Society for the Anthropology of Europe
Invited - Oral Presentation Session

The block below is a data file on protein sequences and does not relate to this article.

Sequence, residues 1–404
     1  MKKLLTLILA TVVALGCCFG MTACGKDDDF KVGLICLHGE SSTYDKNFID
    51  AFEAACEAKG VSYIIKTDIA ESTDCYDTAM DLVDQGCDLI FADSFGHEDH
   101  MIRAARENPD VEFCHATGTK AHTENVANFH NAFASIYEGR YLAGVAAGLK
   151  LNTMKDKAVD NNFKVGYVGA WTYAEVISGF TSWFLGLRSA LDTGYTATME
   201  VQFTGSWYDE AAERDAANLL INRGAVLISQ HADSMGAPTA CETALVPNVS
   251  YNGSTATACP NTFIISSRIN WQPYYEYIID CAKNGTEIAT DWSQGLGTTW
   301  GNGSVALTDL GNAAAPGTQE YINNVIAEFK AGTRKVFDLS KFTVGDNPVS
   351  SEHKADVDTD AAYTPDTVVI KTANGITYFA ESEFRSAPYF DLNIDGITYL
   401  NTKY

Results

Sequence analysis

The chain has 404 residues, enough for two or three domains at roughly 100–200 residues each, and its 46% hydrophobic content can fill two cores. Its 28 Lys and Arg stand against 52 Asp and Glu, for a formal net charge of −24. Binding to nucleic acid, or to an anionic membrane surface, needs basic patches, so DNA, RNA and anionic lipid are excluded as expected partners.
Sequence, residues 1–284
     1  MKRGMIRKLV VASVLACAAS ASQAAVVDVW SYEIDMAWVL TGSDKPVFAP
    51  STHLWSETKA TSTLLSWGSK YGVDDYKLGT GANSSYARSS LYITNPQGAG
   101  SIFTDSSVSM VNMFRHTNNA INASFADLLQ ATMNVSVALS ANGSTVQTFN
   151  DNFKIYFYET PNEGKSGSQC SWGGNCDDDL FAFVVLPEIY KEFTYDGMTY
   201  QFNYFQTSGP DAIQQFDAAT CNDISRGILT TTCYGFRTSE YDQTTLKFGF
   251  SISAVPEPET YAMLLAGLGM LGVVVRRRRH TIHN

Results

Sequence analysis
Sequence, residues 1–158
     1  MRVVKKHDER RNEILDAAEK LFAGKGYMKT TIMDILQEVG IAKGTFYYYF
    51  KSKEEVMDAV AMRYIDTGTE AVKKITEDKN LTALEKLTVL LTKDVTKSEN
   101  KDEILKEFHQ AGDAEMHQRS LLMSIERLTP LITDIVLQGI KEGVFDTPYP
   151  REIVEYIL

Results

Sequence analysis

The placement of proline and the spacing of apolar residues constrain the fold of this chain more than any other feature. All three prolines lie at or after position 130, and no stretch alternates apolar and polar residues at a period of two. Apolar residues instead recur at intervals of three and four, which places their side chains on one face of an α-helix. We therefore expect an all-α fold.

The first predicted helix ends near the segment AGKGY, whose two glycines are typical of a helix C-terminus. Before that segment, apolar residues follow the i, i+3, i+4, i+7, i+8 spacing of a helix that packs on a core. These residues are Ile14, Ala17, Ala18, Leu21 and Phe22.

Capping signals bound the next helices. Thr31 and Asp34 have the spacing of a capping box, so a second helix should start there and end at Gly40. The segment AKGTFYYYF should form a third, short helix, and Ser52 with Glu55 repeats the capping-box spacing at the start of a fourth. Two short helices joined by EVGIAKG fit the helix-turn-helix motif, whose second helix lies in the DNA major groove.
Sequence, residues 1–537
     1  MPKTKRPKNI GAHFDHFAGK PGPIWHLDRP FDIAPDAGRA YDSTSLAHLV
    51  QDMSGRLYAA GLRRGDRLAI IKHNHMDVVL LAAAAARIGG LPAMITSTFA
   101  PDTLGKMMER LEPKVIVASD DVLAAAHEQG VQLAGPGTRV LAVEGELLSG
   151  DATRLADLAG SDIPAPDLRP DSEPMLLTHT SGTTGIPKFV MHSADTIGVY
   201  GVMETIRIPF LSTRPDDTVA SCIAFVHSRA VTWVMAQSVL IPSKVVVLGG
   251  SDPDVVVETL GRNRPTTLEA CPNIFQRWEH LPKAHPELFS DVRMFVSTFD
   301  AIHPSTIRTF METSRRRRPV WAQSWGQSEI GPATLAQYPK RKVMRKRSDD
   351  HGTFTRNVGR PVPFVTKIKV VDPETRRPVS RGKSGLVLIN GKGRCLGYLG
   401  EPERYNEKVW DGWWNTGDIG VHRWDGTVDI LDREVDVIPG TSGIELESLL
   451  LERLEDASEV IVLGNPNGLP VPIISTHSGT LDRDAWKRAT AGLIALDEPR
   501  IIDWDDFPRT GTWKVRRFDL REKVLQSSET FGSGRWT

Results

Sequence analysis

On the bases of empirical material from three disempowered cities from Germany, USA and Turkey, this paper aims to put the “mobility perspective” under scrutiny in studying migrants and refugees. It asks: What kind of social and spatial practices, relations, attachments, and emotions of migrants and refugees are highlighted once we adopt a “mobility” lens, and what kind of spatial and social practices as well as solidarities remain invisible? It suggests that a multiscalar approach to narratives of displacement might be more suitable to explore the complexity of current politics and their affective landscapes centered around cities and migrants than narratives of mobility. The paper also shifts the lens from the questions of belongingness, to the emergence of sociabilities (including mutual affect and respect) built on domains of commonality within the processes of city-making and explores these affective landscapes of sociabilities.